by Andrea M. Gáldy –
Roman Augsburg and Kempten are hidden gems of Southern Germany. This region offers more than skiing holidays and Oktoberfest, nice though they are. Traces of ancient Celtic and Roman settlements in the former Province of Raetia can still be made out, while during the Mediaeval and Early Modern Period the Imperial Free Cities, bishoprics and monastic foundations acted as seats of learning and industry. This is the first part of a mini-series dedicated to “hidden gems” in Bavaria: Whilst Part I looks at two Roman Foundations and their early modern afterlife, Part II will discuss a number of small museums far from the bright lights of Munich but in their ways no less interesting than the attractions in the Landeshauptstadt.
70 years ago, on 25 February 1944, the city of Augsburg, Roman Foundation, Free Imperial City and one of the foremost cities of the German Renaissance was severely damaged by allied bombing. Rarely mentioned, the destruction was fierce and fire fighting was difficult during a particularly cold winter. Visiting Augsburg, it is sometimes difficult to imagine the city of the sixteenth century when the riches of the Fugger and Welser, their collections, gardens and townhouses made this a particularly attractive as well as politically important place. Held at the location of Imperial Diets and treaties, the Peace of Augsburg (1555) guaranteed essential rights to religious minorities – certainly not to all and not completely but the Confessio Augustana was an important regulatory achievement for Catholics and Lutherans living within the Holy Roman Empire.
The Fugger were wealthy bankers, not unlike the Medici of Florence. They were raised into the nobility for their services to Emperor Charles V Habsburg who had had to borrow tonnes of gold to bribe the electoral college in 1519. They were also collectors of antiquities as well as plants, sponsored some of the most important artists of the time, for example Jacob Fugger the Rich was portrayed by Albrecht Dürer (ca. 1519, Staatsgalerie Altdeutsche Meister [Augsburg]. In 1521 the family was not only going to build the famous Fuggerei, an enterprise of social housing older and more attractive than most and in use to this day, the Fugger also commissioned accommodation for the living as well as for the dead members of the family in the then new Renaissance style: the Fuggerhäuser’s Damenhof in 1515 (destroyed in WW II and rebuilt in the 1950s) and the burial chapel at St. Anne’s Church which was founded in 1509.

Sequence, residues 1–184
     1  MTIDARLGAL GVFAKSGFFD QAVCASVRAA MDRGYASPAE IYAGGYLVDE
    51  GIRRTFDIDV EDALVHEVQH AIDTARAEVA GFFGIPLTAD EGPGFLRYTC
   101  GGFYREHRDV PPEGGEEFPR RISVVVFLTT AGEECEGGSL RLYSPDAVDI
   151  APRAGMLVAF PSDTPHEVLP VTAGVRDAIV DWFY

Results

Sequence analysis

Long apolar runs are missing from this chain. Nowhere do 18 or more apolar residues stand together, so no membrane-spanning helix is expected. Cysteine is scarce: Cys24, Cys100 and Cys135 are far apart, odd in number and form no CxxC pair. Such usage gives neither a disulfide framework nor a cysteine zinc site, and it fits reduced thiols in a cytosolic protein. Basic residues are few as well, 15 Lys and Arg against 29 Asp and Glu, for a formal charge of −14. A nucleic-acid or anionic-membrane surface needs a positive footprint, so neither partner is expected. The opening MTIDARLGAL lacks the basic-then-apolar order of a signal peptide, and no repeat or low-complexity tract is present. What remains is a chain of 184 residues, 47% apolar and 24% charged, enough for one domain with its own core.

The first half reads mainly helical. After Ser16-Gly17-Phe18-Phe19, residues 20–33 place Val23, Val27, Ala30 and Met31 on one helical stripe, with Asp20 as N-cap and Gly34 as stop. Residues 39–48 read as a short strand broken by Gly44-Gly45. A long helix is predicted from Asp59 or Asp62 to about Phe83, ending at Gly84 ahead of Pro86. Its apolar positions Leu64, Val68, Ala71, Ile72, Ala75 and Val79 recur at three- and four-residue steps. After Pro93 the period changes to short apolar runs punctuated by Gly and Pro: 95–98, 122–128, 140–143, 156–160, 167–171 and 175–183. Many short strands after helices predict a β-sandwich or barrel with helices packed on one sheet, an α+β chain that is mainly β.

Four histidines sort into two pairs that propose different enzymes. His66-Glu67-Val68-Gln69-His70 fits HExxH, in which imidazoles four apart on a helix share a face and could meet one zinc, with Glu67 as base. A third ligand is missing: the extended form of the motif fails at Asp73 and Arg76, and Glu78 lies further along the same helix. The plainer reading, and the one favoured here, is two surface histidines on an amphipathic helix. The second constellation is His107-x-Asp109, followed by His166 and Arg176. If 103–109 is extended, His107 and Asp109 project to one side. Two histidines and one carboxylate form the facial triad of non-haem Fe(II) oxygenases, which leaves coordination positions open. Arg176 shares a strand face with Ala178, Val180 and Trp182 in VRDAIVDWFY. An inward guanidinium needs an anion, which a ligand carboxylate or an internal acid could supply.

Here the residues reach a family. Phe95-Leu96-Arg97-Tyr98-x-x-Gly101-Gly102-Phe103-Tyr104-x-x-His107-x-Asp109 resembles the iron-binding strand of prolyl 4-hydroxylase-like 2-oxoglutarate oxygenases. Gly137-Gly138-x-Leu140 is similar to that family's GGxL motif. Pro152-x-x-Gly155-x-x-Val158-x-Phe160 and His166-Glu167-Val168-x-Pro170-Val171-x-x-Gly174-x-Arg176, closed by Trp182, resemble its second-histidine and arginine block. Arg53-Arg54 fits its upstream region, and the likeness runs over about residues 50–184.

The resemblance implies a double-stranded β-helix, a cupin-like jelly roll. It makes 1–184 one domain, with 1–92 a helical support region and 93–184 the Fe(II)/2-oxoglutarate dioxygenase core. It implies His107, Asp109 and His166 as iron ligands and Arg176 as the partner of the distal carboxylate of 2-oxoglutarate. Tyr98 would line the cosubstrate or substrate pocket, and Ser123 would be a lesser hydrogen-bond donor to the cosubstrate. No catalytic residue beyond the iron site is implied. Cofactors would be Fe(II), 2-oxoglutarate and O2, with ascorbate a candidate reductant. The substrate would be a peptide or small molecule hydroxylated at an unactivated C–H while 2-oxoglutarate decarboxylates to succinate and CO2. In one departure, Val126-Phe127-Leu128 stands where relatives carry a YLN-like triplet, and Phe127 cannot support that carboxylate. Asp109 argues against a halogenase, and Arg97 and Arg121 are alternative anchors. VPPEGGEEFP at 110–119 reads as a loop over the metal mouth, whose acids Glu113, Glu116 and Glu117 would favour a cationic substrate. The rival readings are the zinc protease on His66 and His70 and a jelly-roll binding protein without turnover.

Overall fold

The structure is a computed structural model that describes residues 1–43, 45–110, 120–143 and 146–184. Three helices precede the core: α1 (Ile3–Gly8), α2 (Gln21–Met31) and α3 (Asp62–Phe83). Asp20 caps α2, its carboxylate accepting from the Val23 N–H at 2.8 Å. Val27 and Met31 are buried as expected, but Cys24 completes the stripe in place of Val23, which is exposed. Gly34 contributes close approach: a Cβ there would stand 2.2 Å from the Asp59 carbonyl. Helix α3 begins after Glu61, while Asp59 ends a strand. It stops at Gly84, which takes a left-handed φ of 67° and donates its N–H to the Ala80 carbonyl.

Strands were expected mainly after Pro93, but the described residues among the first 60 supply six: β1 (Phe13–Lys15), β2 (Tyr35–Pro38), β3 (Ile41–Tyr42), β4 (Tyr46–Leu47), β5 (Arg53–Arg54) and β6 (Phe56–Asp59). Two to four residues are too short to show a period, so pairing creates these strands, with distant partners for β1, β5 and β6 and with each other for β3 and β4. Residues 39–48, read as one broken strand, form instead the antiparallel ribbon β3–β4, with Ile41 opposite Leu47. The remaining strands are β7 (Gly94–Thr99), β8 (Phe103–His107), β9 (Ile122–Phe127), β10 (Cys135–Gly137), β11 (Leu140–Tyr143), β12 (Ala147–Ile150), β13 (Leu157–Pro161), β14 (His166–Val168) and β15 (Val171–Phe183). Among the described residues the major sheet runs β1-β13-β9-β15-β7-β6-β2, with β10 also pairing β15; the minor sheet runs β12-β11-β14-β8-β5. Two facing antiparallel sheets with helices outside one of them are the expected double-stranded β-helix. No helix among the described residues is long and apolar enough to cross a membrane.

Augsburg’s ancient past was a matter of great pride in early modern times. Founded by the adoptive sons of Emperor Augustus, Tiberius and Drusus, under the name of Augusta Vindelicorum in 15 BCE the new centre rose to be the capital of the Roman Province of Raetia. The Augustusbrunnen was created by a local artisan according to the plans of the Flemish artist Hubert Gerhard between 1588 and 1594. It bears inscriptions referring to Augustus and to Emperor Rudolph Habsburg during whose reign the fountain was placed in front of the Gothic Augsburg town hall (re-built by Elias Holl, 1615-1620). In the historic city centre, Augsburg’s archaeological Roman Museum began in 1822 as the Antiquarium Romanum and hosts an exhibition of Roman remains at the former Dominican church of St. Magdalena (1515), whilst the city’s archaeological services explore Augsburg’s Pre-historic as well as Mediaeval past at several excavation sites (for more information, only in German, visit: http://www.kunstsammlungen-museen.augsburg.de/index.php?id=19791). A considerable portion of the exhibitions at the Augsburg Roman Museum is closed to the public for renovation for the next few years, so interested persons and scholars should contact the museum before visiting.